Market breadth (price impact per unit of liquidity) and market depth (units of the asset can be traded for a given price impact) should be good.

Presence of committed market makers: quotes will always be available for buying and/or selling the asset.

Low market concentration: diverse group of buyers and sellers in an asset’s market increases the reliability of its liquidity.

Flight to quality: historically, the market has shown tendencies to move into some types of assets in a systemic crisis.
 
As outlined by these characteristics, the test of the “high quality” of assets is that by way of sale or secured borrowing, their liquidity-generating capacity is assumed to remain intact even in periods of severe idiosyncratic and market stress: indeed such assets often benefit from a flight to quality in these circumstances.
 
Lower quality assets fail to meet that test.
 
An attempt by a bank to raise liquidity from lower quality assets under conditions of severe market stress would entail acceptance of a large fire-sale discount or haircut to compensate for high market risk.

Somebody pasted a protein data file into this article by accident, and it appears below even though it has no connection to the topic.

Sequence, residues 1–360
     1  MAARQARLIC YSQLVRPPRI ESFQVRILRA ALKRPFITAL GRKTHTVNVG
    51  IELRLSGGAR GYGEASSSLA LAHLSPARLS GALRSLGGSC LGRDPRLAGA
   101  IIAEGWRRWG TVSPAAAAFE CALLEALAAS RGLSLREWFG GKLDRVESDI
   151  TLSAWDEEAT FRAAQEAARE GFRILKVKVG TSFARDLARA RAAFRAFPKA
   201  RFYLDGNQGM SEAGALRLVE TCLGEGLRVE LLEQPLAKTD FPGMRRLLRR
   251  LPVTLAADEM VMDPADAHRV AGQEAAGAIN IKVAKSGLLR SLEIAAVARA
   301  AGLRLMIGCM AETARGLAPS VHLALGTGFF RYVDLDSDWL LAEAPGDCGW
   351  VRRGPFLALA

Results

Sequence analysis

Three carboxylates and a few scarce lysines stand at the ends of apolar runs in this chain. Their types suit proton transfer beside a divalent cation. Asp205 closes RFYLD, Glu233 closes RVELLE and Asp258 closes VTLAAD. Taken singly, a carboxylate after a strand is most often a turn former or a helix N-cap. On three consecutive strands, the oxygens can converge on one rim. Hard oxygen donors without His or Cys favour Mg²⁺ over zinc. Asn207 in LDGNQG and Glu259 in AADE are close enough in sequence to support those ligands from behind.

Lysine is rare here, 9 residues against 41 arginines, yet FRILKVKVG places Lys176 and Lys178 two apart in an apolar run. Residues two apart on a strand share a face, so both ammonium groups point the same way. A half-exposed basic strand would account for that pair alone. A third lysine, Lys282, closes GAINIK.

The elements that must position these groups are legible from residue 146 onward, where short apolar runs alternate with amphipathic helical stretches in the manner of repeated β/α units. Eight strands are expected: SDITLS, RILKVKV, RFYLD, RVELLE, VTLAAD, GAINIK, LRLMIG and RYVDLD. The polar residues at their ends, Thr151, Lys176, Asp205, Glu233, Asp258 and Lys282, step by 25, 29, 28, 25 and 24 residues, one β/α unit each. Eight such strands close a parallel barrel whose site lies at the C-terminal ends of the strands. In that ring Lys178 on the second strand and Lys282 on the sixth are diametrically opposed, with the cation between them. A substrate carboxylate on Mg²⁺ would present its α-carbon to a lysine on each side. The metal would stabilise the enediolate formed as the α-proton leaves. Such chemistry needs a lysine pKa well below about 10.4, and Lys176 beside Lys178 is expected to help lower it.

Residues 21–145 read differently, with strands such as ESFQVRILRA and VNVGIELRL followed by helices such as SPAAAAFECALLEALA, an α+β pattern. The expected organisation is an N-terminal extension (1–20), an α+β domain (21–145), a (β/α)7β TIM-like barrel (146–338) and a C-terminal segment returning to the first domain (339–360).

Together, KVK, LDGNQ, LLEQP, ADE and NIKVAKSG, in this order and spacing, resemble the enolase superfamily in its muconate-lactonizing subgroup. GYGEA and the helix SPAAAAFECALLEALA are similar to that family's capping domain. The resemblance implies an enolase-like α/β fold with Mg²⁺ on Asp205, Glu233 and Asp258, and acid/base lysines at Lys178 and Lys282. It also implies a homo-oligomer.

That may not only erode the market’s confidence in the bank, but would also generate mark-to-market losses for banks holding similar instruments and add to the pressure on their liquidity position, thus encouraging further fire sales and declines in prices and market liquidity.
 
In these circumstances, private market liquidity for such instruments is likely to evaporate extremely quickly, as evidenced in the current crisis.

Taking into account the system-wide response, only high quality liquid assets meet the test that they can be readily converted into cash under severe stress in private markets.